For she did not know
That I gave her grain, new wine, and oil,
And multiplied her silver and gold–
Which they prepared for Baal (Hosea 2:8).

It was God Who Blessed…

What the people of Judah did not realize was that, even in their worst idolatry, it was YHWH, the God of Israel, who blessed them, fed them, clothed them, and provided for their survival. Their blessings had nothing to do with the idols they foolishly bowed down to; they had everything to do with the God they had forsaken, who still loved them and watched over them, even in their rebellion.

We humans have a tendency to make associations. Sometimes those associations are valid and helpful, but other times they are without any factual basis and become foolish superstitions. Suppose that I have a bright red shirt, and over a year’s time I find that several outstanding blessings and happy experiences have come to me on days when I was wearing my red shirt. I begin to look upon my red shirt as my “lucky shirt,” and start wearing it more often, feeling sure that this will only bring more good luck and wonderful blessings my way. But of course, those blessings and positive experiences had nothing to do with my red shirt. I could have been wearing a brown shirt, a blue shirt, or a purple shirt and those “lucky” days would still have occurred. In this case our tendency to make associations is not helpful and causes us to attribute cause and effect where none actually exists.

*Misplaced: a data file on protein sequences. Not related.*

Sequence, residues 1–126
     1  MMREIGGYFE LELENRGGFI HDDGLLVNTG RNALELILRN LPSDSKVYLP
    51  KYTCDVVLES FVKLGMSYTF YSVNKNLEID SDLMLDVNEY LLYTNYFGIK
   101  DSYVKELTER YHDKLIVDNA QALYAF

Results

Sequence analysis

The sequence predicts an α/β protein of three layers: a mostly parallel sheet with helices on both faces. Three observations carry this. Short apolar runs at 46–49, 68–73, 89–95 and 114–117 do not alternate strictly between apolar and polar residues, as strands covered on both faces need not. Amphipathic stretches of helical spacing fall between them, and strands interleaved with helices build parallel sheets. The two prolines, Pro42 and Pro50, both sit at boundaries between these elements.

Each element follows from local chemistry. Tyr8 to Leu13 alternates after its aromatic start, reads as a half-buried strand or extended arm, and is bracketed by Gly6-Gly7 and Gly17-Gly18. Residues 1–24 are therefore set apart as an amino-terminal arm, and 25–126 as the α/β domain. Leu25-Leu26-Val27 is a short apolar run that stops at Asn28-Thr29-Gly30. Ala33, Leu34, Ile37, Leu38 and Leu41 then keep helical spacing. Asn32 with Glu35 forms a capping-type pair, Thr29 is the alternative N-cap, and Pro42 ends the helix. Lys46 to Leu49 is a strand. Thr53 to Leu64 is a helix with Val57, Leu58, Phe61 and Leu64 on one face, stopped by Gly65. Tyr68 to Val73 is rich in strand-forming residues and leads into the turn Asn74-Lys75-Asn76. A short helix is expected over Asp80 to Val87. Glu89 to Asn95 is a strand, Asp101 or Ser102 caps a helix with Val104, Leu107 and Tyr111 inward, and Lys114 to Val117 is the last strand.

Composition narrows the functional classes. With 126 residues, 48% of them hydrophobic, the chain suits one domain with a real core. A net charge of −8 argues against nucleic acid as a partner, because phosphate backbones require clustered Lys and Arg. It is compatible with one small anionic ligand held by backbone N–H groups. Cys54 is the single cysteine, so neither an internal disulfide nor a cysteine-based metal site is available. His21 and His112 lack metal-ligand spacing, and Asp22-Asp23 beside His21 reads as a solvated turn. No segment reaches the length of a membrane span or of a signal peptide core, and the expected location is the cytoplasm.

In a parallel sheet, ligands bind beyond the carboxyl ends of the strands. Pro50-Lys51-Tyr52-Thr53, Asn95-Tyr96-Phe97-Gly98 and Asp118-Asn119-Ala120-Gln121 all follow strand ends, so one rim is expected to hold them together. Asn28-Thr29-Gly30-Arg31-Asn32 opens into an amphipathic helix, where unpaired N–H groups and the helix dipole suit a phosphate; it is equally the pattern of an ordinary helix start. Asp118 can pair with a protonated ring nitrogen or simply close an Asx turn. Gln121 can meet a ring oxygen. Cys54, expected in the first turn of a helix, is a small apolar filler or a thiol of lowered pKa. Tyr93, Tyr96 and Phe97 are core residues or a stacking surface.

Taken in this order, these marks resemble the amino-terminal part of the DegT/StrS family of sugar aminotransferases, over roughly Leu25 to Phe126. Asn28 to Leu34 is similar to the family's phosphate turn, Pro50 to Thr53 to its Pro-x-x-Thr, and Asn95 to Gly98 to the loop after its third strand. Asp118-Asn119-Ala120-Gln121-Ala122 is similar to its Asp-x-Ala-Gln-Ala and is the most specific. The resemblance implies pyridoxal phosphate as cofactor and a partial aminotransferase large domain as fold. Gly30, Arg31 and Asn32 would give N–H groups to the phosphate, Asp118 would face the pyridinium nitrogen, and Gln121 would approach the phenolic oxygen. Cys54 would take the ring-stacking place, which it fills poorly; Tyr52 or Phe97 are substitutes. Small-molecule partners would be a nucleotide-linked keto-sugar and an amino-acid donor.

On the other hand, there are times when the associations we make are legitimate and useful. Suppose I have worked several jobs over the last ten years and I recognize that those jobs where I worked hard, showed up for work early, was respectful toward my boss and friendly to my co-workers were jobs where I received regular raises and was treated well by those who worked with me and above me.